Members of the Welch College community have been asking various questions about COVID-19. Dr. Ian Hawkins, who leads the natural science programs at Welch, answers some of them below.
What is COVID-19 and Coronaviruses?
Scientists have known about coronaviruses for quite some time. This group of viruses has mostly caused minor colds in individuals. SARS (Severe Acute Respiratory Syndrome) was the first-known coronavirus to become a significant health concern, which led to a renewed interest in understanding coronaviruses. MERS (Middle East Respiratory Syndrome) was another coronavirus that enhanced the understanding of these viruses. Mostly, these viruses have been confined to different animals, but, in the cases of SARS, MERS, and now COVID-19, they have accumulated mutations and began infecting the human population.
What are the Symptoms of COVID-19?
Healthcare workers are looking for three main symptoms: fever, dry cough, and shortness of breath. Many patients who have coronavirus also experience chills, headaches, body aches, and sore throats; however, these are not the symptoms that healthcare workers would use to warrant testing someone. As testing becomes more widespread, more individuals with fewer symptoms will be tested.
What Should We Do in This Pandemic?
Stay calm and do the things that you can do such as: wash your hands regularly, keep away from people outside your family, stay away from crowds, keep your hands away from your face as much as possible, and clean surfaces that are touched often. These are the best preventative measures. Also, continue to reach out to those in need and to your friends and family. Still, maintain social interaction, even with the restrictions on face-to-face meetings.
When Should You Quarantine Yourself?
If you know you have come into contact with someone who has tested positive, or you have tested yourself and are awaiting results, then you need to quarantine yourself away from everybody for fourteen days. This course of action will prevent you from spreading the virus if you have it or have been exposed to it. If you have been exposed to it, symptoms may take up to fourteen days before appearing; consequently, you do not want to infect other people accidentally.
What Should You Do if You Test Positive for the Virus?
Individuals who have tested positive should stay quarantined and away from other family members if they are living in the house with you. You should have a separate room and preferably a separate bath. Your healthcare provider should continually keep in touch with you, probably once or twice a day, and monitor your situation to determine if hospitalization is necessary. If your breathing gets worse to the point that you are having difficulty getting out of bed, then they would probably advise you to seek hospitalization. Your healthcare provider will keep you informed and monitor your condition to advise you on whether that is necessary.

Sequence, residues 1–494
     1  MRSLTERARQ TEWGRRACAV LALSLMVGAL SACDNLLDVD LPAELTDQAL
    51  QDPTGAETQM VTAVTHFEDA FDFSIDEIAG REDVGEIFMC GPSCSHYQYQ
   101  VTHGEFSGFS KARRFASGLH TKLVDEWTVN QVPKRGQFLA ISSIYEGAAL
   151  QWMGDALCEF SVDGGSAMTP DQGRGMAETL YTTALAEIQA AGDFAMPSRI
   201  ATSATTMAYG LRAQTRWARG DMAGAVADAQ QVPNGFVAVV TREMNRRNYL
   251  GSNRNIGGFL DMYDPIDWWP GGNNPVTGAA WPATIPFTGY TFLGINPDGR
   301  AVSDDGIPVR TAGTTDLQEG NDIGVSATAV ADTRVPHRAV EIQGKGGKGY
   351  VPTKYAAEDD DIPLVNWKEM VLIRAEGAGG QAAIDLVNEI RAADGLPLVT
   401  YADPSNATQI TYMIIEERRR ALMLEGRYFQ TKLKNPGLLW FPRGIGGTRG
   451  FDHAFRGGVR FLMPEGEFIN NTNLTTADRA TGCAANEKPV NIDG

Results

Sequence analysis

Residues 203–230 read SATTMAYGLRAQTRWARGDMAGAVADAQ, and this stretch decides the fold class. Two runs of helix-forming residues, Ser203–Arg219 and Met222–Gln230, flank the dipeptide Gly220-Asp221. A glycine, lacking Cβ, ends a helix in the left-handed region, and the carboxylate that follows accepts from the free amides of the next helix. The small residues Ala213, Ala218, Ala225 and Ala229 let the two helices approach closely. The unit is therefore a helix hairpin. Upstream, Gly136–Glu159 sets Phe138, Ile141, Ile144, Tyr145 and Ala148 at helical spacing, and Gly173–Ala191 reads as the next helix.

Why are We Taking This Virus So Seriously When We Usually Do Not Do This for Other Flu Viruses?Healthcare workers are taking this virus more seriously for two main reasons. First, COVID-19 seems very contagious so that one person can infect many people all at once. Secondly, since the virus can spread so rapidly, health care systems will be overwhelmed with patients if measures are not taken to limit the spread. By taking this disease seriously, we can curb the speed of the spread so that our healthcare system can maintain safe and important treatments.
Are There Any Medicines That Can Help Against Coronavirus?
Over the past few weeks, doctors have prescribed certain medications that could be beneficial. They have used chloroquine and hydroxychloroquine in many cases, and some of them have shown positive results. Also, a few antiviral drugs, which are either new or were used for other viruses, may also prove helpful. Several other treatments including antibodies from patients who have survived the virus are also being used. The current challenge is that the evidence is inconclusive, and some of these medicines are new and require more extensive testing. Over the next few months, doctors and scientists will be more able to correctly determine the best treatment options we have.
What Should Our Churches Do During This Crisis?
Our local congregations can serve an important role during this pandemic. We need to help people stay calm, and we need to provide emotional support. Churches should maintain social distancing and support the orders of governmental agencies, but that will not mean that churches cannot reach out. We can provide grocery runs and pickups for our older members and place them on their doorsteps. We can increase social interactions through telephone calls, prayer times, and other means that will allow us to keep our distance while still maintaining relationships. These are just a few suggestions, and not only will they help our members during isolation but also will lead to a stronger church body. This time of heartache and uncertainty is also a time when God’s people can demonstrate their faith in Christ, which gives us the peace that others may want, leading to opportunities to share our faith. May God give us peace and courage to help others and be good examples of Christ in these perilous times.
About Dr. Hawkins
Dr. Ian Hawkins serves as Associate Professor of Biology, Chairman of the Department of Arts and Sciences, and coordinator for science programs at Welch College. He holds undergraduate degrees in both biology and biochemistry from East Carolina University, an M.S. in biology from Vanderbilt University, and a Ph.D. in chemistry from Middle Tennessee State University. He has served at Welch since 2006.